First we started with x=3. Next, the students selected different operations and values to "wrap it up". Then in order to solve we reversed to process. When finished, we a concluded that solving is reversing the original operations. Hooray!!


Step 2: Properties Used to Solve

We identified the most common properties used in solving equations. Within the notes, we used the same equation to demonstrate how similar operations can be applied to acquire the desired result.

Step 3: How to Solve Those Equations

With the use of multi-door flap foldables, students identified each step in solving an equation by technical property and then by general vocabulary accumulated by the class. This step was critical in building their fluency in solving equations. Even lower level students that were hesitant in the process could solve.

Example1: We always started with the inside process.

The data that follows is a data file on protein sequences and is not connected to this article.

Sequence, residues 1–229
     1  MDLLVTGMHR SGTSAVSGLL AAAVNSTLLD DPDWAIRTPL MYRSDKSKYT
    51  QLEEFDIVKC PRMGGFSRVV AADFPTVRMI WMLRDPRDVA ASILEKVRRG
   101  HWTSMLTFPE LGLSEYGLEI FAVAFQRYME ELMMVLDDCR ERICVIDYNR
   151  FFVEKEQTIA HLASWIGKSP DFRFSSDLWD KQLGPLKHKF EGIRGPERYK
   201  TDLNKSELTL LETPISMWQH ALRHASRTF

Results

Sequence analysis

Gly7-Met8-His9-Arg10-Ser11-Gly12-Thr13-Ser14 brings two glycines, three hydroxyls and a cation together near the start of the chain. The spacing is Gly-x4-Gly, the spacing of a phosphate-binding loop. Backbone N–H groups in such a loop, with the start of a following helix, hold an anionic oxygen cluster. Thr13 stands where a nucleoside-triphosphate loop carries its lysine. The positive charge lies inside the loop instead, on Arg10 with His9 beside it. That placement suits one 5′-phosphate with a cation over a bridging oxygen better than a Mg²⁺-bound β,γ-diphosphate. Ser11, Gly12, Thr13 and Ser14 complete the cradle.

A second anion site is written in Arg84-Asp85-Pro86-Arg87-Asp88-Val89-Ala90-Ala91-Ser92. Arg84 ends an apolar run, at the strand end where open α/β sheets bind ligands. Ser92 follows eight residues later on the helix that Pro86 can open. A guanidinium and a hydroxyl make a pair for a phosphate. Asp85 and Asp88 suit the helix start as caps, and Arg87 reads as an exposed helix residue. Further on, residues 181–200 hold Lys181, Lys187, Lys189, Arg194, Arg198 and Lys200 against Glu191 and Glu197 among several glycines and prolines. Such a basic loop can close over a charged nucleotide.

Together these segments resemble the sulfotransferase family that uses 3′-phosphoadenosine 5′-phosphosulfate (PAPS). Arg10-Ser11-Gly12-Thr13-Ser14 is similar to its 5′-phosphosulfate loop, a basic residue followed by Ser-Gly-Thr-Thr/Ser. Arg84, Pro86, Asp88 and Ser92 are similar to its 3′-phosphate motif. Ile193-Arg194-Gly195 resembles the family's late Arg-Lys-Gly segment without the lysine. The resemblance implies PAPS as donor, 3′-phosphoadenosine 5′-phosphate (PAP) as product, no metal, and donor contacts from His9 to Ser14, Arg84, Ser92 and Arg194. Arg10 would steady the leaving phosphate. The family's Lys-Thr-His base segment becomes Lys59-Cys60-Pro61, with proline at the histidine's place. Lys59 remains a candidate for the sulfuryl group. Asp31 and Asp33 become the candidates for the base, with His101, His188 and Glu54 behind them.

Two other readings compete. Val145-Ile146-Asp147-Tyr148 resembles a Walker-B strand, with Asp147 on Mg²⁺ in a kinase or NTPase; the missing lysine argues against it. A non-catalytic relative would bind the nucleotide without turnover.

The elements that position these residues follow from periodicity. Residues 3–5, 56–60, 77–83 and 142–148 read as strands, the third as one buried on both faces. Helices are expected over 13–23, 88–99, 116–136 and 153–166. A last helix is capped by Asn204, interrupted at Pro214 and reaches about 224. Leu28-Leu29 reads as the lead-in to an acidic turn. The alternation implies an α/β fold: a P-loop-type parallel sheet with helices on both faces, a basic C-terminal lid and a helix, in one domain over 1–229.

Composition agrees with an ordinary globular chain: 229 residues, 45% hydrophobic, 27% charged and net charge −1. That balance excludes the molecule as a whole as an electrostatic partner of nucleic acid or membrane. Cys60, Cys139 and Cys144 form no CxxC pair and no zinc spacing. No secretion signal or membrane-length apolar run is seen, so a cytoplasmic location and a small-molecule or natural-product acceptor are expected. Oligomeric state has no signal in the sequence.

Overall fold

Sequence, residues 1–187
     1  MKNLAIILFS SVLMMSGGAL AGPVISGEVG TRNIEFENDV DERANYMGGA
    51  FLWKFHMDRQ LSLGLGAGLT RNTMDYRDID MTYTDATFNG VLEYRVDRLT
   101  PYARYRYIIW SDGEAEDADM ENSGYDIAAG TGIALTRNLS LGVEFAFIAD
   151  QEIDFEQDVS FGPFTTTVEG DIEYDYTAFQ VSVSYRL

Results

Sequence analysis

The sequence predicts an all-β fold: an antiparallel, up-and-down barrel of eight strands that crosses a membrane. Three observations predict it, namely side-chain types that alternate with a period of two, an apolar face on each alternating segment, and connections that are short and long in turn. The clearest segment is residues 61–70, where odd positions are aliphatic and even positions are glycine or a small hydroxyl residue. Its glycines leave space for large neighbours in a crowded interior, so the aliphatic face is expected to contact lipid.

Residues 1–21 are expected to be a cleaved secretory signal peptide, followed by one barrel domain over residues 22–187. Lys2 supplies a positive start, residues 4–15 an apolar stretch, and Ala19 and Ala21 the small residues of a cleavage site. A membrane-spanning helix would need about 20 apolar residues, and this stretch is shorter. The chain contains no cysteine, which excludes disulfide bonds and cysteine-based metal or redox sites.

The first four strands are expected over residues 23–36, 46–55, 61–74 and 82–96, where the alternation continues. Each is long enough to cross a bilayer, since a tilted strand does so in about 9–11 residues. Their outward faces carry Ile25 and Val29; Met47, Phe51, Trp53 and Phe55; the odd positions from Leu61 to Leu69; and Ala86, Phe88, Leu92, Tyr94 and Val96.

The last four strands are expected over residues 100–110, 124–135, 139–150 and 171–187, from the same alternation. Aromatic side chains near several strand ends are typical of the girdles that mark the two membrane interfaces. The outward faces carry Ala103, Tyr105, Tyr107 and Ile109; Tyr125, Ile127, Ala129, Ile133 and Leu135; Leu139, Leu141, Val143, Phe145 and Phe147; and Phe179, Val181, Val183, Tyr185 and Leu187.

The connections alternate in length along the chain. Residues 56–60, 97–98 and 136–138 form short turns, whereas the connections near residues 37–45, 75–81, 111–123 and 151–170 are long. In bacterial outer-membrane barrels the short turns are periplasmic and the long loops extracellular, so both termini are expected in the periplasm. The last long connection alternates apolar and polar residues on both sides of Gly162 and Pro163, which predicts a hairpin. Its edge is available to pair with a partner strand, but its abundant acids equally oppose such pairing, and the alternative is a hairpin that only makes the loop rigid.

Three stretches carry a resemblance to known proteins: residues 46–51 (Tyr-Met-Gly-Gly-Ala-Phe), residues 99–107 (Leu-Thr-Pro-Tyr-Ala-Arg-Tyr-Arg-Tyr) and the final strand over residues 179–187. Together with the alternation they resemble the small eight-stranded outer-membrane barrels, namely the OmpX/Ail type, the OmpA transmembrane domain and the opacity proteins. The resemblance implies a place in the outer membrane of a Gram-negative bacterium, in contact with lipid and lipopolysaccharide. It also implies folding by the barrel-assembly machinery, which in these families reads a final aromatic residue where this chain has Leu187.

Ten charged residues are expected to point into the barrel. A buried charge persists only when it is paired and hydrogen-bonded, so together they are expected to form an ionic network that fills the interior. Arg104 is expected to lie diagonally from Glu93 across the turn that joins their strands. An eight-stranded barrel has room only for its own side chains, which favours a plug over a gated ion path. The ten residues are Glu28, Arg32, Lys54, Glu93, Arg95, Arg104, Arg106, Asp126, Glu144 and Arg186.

Then finish by summing up with general words to help them identify the steps.

Example 2:

Step 4:
We moved from the in-depth process to identifying the general steps. By now, my students were using the vocabulary-properties, names of terms, quick steps, etc.

Step 5:

We reviewed with the giant Sorry board game. During this step, students started with a given equation including the solution and focused on the solving process.

Step 6:

TEST: I gave them a test in standardized format and received outstanding results! :)


Algebra 1 Journal Pages Continued... HOY VUX!

You know, I might have approached or pronounced this incorrectly. My students appreciated the idea, but loved the fact that I introduced them to a new word say in class-"Holy Vux!" Oh, what fun...